- You have far less things to pack for them – no more nappies, strollers, and possibly car seats.
- They can do a lot more activities and tours as they have less age and height restrictions
- They can sit still and concentrate for longer.
- There’s no school to worry about!
PROS from our family travel experts
Travelling with a preschooler can be lots of fun – they can entertain themselves on long journeys, they can help pick attractions and get involved in the planning. They are so curious and it’s fun to share the world with them. They no longer need a lot of gear so we could go back to carry on only, No naps makes things easier. There are no school holidays to work around or worry about homeschooling – Sharon from wheressharon.com
The best age for us yet. Precshoolers are finally old enough to enjoy more things than just climbing. You can begin to take them to places like museums and art galleries and they actually enjoy what they are looking at and want to learn more. Flights also are easier at this age, as is their ability to handle jetlag and disruptions to sleep patterns – Christine from adventurebaby.org
Preschoolers bring a whole other level of energy to your travels! Their excitement and joy in visiting new places and exploring every inch will be contagious and bring an element of awe to your trip. Plus you will become familiar with every park and bathroom at each location you visit – Bryanna from www.crazyfamilyadventure.com
At this age they’re more independent, ready for adventure and are heaps of fun. They’ll also talk to quite literally anyone so tend to make plenty of friends along the way. Best of all they’re still young enough that you don’t need to worry about them missing school – Aleney from www.boyeatsworld.com.au
They don’t need to go to school. This is a great age to travel, because the kids are loved by everyone and dotted on. It also means no worry about school days making travel cheaper – Erin from explorewitherin.com
They are not in school yet, so you can travel at any time throughout the year. They want to try new things and there are more opportunities for adventure for the family – Nicole from http://travelingcanucks.com
Going off-season is wonderful. You can still get great prices and uncrowded hotels. You can start doing city breaks with pre-schoolers. E.g, we took them to Venice. Shobha from http://www.justgoplacesblog.com/venice-with-children-the-olivia-way/
- Endless energy. Maybe it’s just Savannah, but she doesn’t stop moving or jumping. She was jumping and crawling all over me the other day and I had flashbacks to her being in my tummy – the same constant movement.
- They’re so freakin fussy. Virgos on acid. Hang on – both my girls are Virgos, no wonder preschool age kills me.
- They ask a lot of questions and are rarely satisfied with your answer.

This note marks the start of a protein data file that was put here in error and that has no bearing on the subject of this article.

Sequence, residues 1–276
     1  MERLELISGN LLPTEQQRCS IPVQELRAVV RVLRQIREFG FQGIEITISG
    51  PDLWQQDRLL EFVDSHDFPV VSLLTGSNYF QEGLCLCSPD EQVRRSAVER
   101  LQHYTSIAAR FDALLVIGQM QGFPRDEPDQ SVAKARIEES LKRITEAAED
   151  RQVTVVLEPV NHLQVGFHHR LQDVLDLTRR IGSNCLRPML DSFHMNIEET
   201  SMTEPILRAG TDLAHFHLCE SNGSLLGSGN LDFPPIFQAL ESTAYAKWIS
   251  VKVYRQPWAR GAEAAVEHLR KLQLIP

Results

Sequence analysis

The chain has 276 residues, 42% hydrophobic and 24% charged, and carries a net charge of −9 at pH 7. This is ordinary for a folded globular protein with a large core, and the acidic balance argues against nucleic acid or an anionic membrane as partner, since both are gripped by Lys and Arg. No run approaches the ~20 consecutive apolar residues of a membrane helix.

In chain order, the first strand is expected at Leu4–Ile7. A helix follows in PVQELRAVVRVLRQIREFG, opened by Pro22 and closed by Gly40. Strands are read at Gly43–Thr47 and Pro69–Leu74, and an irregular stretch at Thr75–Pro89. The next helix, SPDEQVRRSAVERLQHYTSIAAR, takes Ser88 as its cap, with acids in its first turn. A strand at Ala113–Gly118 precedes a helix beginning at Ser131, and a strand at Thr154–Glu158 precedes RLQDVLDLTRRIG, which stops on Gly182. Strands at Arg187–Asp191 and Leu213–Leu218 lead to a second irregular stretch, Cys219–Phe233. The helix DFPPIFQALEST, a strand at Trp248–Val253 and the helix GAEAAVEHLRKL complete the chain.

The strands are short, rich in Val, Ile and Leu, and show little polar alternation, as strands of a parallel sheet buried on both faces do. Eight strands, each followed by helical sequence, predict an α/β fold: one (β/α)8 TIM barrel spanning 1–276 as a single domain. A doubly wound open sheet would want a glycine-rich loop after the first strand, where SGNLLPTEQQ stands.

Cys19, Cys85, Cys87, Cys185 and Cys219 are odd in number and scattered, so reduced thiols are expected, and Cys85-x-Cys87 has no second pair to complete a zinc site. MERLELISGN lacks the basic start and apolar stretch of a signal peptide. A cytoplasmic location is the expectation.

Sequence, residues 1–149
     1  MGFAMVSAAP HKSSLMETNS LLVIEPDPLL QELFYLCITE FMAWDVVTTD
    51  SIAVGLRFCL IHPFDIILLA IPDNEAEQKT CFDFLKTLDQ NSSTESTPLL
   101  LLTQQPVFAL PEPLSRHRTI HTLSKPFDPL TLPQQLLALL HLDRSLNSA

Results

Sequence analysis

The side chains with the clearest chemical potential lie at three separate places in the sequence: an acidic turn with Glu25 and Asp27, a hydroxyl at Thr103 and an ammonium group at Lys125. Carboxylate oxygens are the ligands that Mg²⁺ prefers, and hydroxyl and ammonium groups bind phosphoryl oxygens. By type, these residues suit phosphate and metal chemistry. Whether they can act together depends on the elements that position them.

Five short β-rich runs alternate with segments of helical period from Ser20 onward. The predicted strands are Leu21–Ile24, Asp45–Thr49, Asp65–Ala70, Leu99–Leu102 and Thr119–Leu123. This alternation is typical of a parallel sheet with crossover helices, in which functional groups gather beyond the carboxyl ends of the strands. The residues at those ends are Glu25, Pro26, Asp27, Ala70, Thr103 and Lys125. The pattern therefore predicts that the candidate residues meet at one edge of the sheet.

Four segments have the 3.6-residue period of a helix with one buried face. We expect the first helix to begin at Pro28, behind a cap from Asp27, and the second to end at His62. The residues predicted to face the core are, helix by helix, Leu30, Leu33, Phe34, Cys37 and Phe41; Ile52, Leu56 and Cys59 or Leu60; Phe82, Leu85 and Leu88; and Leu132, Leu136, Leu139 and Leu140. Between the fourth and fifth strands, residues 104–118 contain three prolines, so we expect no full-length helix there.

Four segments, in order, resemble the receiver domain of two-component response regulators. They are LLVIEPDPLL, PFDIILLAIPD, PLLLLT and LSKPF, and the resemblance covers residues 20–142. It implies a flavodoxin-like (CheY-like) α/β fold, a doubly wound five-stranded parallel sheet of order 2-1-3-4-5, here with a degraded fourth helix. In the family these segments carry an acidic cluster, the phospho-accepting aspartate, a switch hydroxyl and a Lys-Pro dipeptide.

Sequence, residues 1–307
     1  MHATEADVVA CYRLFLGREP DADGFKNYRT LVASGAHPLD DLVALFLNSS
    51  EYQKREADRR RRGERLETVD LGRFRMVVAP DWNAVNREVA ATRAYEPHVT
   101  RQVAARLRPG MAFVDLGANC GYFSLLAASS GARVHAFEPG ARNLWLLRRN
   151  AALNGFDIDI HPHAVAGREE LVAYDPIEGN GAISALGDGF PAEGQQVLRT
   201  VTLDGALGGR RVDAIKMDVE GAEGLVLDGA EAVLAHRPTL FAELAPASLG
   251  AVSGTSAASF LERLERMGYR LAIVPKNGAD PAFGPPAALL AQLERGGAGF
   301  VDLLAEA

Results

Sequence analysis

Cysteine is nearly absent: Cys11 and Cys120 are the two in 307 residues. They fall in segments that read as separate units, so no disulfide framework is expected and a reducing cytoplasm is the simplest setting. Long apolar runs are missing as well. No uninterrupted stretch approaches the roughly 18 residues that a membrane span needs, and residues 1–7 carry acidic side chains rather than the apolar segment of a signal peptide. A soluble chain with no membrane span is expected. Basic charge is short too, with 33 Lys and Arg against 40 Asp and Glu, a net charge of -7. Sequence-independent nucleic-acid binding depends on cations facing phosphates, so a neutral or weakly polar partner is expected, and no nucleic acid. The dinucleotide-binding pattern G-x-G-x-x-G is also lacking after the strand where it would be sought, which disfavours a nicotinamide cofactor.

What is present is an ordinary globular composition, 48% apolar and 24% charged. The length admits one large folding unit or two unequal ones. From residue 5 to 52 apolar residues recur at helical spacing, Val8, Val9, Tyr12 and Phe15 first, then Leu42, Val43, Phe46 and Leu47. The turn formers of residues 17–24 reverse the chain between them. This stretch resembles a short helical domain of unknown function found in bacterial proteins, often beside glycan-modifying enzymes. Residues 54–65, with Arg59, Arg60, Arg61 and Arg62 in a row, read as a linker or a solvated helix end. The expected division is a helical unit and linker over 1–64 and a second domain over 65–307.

- They don’t take naps, yet they get tired quite easily = many meltdowns.
- They’re getting too big for strollers and hiking backpacks, but often still too little to walk long distances (keep training them though)
- They’ll often nod off when in the car, which may disturb their night-time routine. Hello Midnight bouncing off walls games!
- They get bored easily. Australian road trips can be slightly hideous. It’s usually about 15 minutes into your standard 6-hour road trip that they start wailing, “Are we there yet? I’m bored.”
- Their desire to explore their creative side may lead them to draw all over the walls of your rented accommodation with black marker. Stay vigilant and pack sugar soap.
CONS from our family travel experts
They can be fussy about what we do attraction wise. We find it much harder than when they were younger to do more adult focused attractions – Sharon from wheressharon.com
They get bored if attractions aren’t geared to them, still too young to go out at night, and picky eaters can make it hard to eat out – Christine from adventurebaby.org
They won’t like to sit still, be quiet, or wait in line so this can limit the types of things you may want to do on your trip. You may also find that you are chasing them around so you miss out on being able to really take in the places you are visiting – Bryanna from www.crazyfamilyadventure.com
Pre-schoolers can be extremely fussy, stubborn and are prone to as many tantrums as toddlers… they’re just louder and more dramatic. They’re also just as likely to chuck one on holiday as they are at home – it will be just way more public and generally far more embarrassing, especially in cultures where other children seem so calm and sedate – Aleney from www.boyeatsworld.com.au
Preschoolers can be highly demanding. They may show behaviour in public that can be quite embarrassing or just plain exasperating. They also have a tendency to wander off, meaning hand holding is a must – Erin fromExplore with Erin
They are still a little too young to stay out late at night – Nicole from http://travelingcanucks.com
We found it hard to eat out with them. They can be fussy eaters, won’t sit still once they are done with their meal and can occasionally lapse to throwing food around – Shobha from www.justgoplacesblog.com